First time or two I read through this book, my thoughts were, nice book, but way to much French bastardization. Just as a favor and respect to/for you Miss Gio I will revisit it again to see if my opinion has changed.

                    To the OP ~ I would point you to local/regional areas of interest. Church, Civic Groups, Jr. League, etc as good sources for the type of information you are looking for. Keeping in mind that no one book will be an all encompassing source. Start your search in your area of interest ~ (SW Virginia) and expand out.

                    Have Fun and Good luck!

                    1. re: Uncle Bob

                      That's what I've been doing, thanks to lots of helpful suggestions from chowhounds. Thanks for yours as well.

                      1. re: Uncle Bob

                        Thank you Uncle Bob! (I really Did have an UB)

                        You have to remember I'm a born & bred New Englander (Massachusetts) with an Italian heritage sensibility so I don't have real old Southern recipes in my history with which to compare BAY'A. However, from the positive response of many CHs who cooked along with me several years ago and when BAY'A was COTM Ms Willis's recipes struck an authentic note. Needless to say, I really like this book.

                    2. re: jmckee

                      I have to say...the best Southern cookbooks I have are the DIY church cookbooks from Blue Eye Baptist Church in Lincoln, Alabama. These aren't recipes from some celebrity chef or city-dwelling food writer--these are the way people really cook in the South every day. Okay, maybe I'm biased--I'm related to nearly everybody who contributed, and the first book was dedicated to my grandmother--but there are some amazing recipes in there. Yes, there are a few Bisquick Impossible Pies and casseroles made with Campbell's Cream of Mushroom...but in among them are a lot of old-fashioned gems handed down for generations.

                      The oldest and best of the Blue-Eye cookbooks are in the greedy hands of my family (and if you did find a copy, I have a few newly married-in cousins who might hurt you to get their hands on it), but there are thousands of country churches with Ladies' Missionary Circles and high school youth groups who've put together cookbooks of their own. Ebay has a whole category of church cookbooks http://www.ebay.com/bhp/church-cookbooks . Or, just start digging through your local thrift store or used bookstore. And yes, if you have these books and don't use them, by all means, donate them--there are plenty of people who'll treasure them and use them regularly!

              2. I love "River Road Recipes." These are more Louisiana vs. straight "Southern" as in Alabama, Mississippi, North Florida, Georgia style recipes. http://www.amazon.com/dp/0961302682/r...

                Another one that is crucial to have is "Cotton Country Collection." It is what you are looking for if you want the Southern home-cooked meals of your memories (since I can read your mind. LOL). http://www.amazon.com/Cotton-Country-...
                "Charleston Receipts" is another classic gem. http://www.amazon.com/Charleston-Rece...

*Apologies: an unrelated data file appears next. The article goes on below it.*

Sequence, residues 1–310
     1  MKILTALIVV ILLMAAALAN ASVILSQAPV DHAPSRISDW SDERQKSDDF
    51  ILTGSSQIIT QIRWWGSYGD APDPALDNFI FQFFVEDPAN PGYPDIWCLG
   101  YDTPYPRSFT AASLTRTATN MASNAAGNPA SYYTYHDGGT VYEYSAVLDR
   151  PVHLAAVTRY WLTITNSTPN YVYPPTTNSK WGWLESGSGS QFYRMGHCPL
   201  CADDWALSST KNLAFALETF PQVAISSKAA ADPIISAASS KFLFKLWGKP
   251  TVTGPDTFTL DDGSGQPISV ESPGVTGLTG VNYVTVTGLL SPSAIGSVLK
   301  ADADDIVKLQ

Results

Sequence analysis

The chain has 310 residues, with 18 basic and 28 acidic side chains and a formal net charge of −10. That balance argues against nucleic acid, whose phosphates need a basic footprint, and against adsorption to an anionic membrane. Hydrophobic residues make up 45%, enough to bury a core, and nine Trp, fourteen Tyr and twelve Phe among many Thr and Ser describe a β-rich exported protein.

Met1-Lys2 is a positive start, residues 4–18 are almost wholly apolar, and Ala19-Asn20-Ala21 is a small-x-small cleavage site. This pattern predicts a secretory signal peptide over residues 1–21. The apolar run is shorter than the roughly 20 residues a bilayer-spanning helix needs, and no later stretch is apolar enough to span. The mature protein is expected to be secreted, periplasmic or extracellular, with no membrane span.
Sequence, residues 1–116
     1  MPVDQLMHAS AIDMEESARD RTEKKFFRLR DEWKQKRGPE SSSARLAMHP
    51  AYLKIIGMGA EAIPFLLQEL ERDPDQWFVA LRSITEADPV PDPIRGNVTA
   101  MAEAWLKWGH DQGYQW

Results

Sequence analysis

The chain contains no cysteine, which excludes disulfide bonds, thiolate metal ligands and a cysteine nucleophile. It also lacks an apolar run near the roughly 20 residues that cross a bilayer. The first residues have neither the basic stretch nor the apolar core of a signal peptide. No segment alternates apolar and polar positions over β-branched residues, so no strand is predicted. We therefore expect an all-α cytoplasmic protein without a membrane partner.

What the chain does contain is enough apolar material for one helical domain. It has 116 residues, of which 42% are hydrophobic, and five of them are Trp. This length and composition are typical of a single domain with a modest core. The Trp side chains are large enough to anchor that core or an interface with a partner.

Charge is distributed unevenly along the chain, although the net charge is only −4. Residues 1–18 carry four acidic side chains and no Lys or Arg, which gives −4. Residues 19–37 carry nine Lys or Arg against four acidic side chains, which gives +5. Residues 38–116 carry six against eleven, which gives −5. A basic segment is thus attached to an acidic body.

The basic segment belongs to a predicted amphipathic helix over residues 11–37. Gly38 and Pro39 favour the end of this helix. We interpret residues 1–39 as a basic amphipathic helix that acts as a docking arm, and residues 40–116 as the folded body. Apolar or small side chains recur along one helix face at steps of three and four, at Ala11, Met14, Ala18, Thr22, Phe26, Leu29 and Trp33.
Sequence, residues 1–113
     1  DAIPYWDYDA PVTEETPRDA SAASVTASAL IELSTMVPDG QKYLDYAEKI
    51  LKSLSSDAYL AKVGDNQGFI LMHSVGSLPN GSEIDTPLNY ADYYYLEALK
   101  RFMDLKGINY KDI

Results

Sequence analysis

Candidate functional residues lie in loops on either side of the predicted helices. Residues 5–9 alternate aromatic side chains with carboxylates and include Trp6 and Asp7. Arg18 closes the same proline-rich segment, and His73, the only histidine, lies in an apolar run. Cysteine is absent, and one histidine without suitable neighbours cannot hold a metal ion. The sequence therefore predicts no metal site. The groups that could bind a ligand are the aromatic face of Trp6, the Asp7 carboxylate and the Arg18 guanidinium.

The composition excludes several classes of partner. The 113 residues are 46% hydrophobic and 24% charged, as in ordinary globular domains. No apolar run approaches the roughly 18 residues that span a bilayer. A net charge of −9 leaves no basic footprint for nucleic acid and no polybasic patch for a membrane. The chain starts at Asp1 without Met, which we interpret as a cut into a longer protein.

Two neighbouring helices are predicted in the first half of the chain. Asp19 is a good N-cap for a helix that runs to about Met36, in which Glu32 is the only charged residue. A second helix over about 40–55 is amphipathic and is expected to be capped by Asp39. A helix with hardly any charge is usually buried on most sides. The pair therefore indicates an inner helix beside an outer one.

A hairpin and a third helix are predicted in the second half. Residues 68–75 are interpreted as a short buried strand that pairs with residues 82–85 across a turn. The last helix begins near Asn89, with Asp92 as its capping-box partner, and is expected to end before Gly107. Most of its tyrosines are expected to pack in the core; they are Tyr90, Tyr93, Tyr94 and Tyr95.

Each of these is an older style cookbook, and has only recipes and no photos. The recipes are ones you'll flag and end up leaving the books looking like sticky note porcupines, I promise! (Especially "Cotton Country Collection").

                Gio's recommendations are also good ones, from the modern cookbook style repertoire. I'd also mention Edna Lewis's books in this category. http://www.amazon.com/The-Gift-Southe...

                Southern Living's book is good, too. I'll get the title, as there are many. (edit: I could not find the old title I was looking for, but this one looks like it fits the bill perfectly --> http://www.barnesandnoble.com/w/south... ). Southern Living recipes are always reliable, in my experience. Tried and true.

                There was a great thread on this topic a couple of years or so ago. Actually, this shows even more threads: http://search.yahoo.com/search?ei=utf...

                10 Replies
                1. re: alkapal

                  Oh.. I totally forgot Edna Lewis, Alka. Her book "The Taste of Country Cooking" was the June 2007 COTM.
                  http://chowhound.chow.com/topics/406983

                  1. re: Gio

                    Ooh, I didn't know it was COTM. I've had it for ages but not sure I've EVER cooked from it. Thanks, Gio.

                  2. re: alkapal

                    +1 for those Junior League type cookbooks...eg River Road and Charleston Receipts.

                    I have a couple from a little community in Southeast Louisiana, that I love.

                    I also enjoy The Lee Brothers Southern Cookbook.

                    Disclaimer: I am a mis-born Northern boy, so I don't have the "bona fides" of others...these are just opinions!!!

                    1. re: Monch

                      Here's another good Junior League cookbook, Pirate's Pantry out of Louisiana.

                      http://www.jllc.net/?nd=pirates_pantry

                      Another one I love is Oceans of Cooking, just Texas Gulf coast seafood.

                      http://justask.ecrater.com/p/8680475/...